Windows 7 has a firewall. I have tried blocking all the traffic from a box except that of Tor and Firefox (which uses Tor). It doesn't work. Does anyone have any experience with this?
There are way too many connections on a default Windows system and since Windows is closed source, you cannot fully trust it to not establish any other connections.
I have 2 simple ideas:
- The easiest and should be used regardless of any additional firewalls: Use PeerBlock. Simply create three lists, one for blocking all IPs with a single 0.0.0.0-255.255.255.255 range. The other two will be for allowing connections, one for a Tor relay list, the other for other whitelisted IPs that you prefer or which are required for internet connection.
- Use a physical or virtual router to whitelist Tor IPs while blocking everything else. I would suggest a cheap physical router that you can install an open source firmware. The other idea is to have a virtual router which I didn't try because it would still not be secure (closed-source Windows) and it would require more system resources. Here is a tutorial which could work: http://timita.org/wordpress/2011/07/29/protect-your-windows-laptop-with-pfsense-and-virtualbox-part-1-preamble/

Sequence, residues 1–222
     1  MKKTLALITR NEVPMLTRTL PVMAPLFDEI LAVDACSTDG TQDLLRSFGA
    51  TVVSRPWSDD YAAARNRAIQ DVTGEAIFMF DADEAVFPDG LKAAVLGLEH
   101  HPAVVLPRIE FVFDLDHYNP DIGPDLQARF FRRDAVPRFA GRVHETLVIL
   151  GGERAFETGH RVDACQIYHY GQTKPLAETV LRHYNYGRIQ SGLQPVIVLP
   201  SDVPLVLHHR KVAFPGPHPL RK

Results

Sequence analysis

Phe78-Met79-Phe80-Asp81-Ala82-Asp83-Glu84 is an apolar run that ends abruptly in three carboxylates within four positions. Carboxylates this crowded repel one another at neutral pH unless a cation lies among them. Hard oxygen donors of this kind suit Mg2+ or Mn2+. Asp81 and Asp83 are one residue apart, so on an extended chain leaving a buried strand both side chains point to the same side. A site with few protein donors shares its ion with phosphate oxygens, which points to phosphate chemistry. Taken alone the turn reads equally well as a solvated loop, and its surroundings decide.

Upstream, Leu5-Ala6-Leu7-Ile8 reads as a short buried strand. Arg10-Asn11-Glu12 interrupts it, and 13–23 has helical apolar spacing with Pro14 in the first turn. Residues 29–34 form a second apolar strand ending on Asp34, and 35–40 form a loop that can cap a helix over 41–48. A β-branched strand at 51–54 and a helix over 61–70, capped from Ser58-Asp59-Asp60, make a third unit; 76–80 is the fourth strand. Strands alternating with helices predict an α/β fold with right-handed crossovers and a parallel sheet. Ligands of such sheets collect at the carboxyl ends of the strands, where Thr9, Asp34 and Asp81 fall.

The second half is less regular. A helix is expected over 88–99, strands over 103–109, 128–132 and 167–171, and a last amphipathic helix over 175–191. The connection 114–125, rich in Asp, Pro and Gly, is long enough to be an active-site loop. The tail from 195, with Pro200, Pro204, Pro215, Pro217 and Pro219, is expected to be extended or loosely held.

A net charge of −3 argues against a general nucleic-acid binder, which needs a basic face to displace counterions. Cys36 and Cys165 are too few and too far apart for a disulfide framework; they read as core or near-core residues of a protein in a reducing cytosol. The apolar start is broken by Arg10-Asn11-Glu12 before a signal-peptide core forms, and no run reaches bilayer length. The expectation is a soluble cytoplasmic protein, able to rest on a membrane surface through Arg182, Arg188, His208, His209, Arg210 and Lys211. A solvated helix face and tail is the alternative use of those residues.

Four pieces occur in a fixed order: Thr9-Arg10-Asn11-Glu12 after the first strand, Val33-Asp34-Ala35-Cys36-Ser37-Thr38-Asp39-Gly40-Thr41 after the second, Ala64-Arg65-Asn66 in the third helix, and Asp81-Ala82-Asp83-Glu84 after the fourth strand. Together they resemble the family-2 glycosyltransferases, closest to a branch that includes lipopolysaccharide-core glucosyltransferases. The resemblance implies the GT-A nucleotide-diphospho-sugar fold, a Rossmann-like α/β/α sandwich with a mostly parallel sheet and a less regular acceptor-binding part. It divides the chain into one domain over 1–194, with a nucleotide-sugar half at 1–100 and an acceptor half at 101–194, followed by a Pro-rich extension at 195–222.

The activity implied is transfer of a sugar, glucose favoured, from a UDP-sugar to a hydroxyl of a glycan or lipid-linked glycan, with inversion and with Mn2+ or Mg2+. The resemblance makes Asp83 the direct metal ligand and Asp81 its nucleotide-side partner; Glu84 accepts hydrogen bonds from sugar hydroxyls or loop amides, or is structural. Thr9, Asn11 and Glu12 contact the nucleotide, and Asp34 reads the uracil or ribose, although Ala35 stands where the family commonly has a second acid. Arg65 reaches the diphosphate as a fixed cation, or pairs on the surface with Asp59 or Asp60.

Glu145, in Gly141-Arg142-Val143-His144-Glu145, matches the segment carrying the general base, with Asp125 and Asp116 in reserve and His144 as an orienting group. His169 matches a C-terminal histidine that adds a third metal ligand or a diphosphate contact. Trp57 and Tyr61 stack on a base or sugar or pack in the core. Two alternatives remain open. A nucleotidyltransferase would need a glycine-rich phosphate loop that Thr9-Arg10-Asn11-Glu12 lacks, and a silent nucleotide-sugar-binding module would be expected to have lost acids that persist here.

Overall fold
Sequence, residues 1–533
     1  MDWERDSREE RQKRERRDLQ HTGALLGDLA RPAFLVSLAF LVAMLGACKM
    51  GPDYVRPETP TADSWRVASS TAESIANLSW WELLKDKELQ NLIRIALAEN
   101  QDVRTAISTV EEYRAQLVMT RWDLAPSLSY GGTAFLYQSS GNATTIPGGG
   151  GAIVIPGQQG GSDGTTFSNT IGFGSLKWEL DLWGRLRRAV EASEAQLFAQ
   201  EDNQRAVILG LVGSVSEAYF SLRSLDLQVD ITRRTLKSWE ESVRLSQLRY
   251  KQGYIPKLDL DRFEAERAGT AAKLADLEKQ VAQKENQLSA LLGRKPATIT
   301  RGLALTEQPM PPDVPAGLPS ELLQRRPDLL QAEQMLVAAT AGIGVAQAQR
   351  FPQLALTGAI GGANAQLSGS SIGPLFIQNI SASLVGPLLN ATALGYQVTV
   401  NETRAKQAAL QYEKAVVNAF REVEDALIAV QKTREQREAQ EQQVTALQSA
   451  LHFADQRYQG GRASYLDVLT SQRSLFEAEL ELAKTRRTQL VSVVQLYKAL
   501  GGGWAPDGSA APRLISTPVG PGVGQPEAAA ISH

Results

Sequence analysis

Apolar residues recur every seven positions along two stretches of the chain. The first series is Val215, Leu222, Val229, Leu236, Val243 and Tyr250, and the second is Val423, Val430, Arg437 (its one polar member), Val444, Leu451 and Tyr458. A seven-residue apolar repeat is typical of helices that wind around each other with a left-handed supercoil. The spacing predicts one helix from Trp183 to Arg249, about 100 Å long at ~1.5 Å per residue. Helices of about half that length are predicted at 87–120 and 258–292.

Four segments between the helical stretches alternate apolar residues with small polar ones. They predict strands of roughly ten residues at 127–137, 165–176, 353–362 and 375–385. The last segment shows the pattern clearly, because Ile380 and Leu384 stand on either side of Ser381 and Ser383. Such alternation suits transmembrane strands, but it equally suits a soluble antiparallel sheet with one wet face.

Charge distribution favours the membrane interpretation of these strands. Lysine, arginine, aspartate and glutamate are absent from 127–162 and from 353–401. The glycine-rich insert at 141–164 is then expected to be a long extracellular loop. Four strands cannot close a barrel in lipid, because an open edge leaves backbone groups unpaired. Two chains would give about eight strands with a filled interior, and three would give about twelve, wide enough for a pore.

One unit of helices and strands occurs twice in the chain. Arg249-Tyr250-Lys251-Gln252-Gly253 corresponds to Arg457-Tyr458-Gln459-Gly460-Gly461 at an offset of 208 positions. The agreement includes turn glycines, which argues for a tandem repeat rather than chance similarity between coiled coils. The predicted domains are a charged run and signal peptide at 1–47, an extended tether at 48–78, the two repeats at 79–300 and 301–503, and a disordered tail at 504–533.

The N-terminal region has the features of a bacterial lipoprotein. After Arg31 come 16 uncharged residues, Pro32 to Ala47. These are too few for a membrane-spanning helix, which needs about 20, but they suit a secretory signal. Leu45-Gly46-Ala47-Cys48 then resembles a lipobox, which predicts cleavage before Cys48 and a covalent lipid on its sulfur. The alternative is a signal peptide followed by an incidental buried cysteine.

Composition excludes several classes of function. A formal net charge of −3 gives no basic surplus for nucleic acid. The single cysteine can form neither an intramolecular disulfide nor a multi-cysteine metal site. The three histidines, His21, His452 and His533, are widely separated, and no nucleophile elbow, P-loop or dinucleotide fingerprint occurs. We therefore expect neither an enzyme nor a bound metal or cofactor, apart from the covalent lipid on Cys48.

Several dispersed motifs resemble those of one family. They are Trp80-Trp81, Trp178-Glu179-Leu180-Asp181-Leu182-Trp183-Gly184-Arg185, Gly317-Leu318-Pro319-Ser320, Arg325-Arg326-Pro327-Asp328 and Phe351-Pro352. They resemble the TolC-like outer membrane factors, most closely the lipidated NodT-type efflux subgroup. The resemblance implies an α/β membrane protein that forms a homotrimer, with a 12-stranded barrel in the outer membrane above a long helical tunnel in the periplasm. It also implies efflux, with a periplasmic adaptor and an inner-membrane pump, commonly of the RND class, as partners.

In order to whitelist Tor IPs, there are some websites providing Tor relay lists. You may need to use other tools to convert these lists to be used on PeerBlock or on your router. Also, you may have to regularly update your lists, though it would work a long time without updates.
First, you should use the advanced firewall (start >run >wf.msc). There you should block everything with the general settings, block all incoming traffic without exception and all outbound traffic except specific rules. Then you should create two rules:
The first for tor.exe that allows all TCP out connections on any port (you can allow only port 443 which is the default port that tor.exe tries, but on restricted networks the tor.exe app will try many other ports, and anyway you have to trust the tor.exe process, if it's compromised then you're screwed anyway).
The second rule is firefox.exe TCP out with ports 9151 and 9150 AND destination address only 127.0.01, that rule basically says that firefox.exe is only allowed to connect to the tor.exe process which is availabe on 127.0.01:9150-1.
All the other Allow rules should be disabled, except the Core network-DHCP client if you're using a dynamic IP address. If should use static address (either by your ISP or your router config) then you can disable the DHCP rule on the firewall too.
Using these rules and monitoring network traffic with sysinternals process monitor seems to block virtually everything. Howether, of course it is always preferable to use Tails which is much more secured.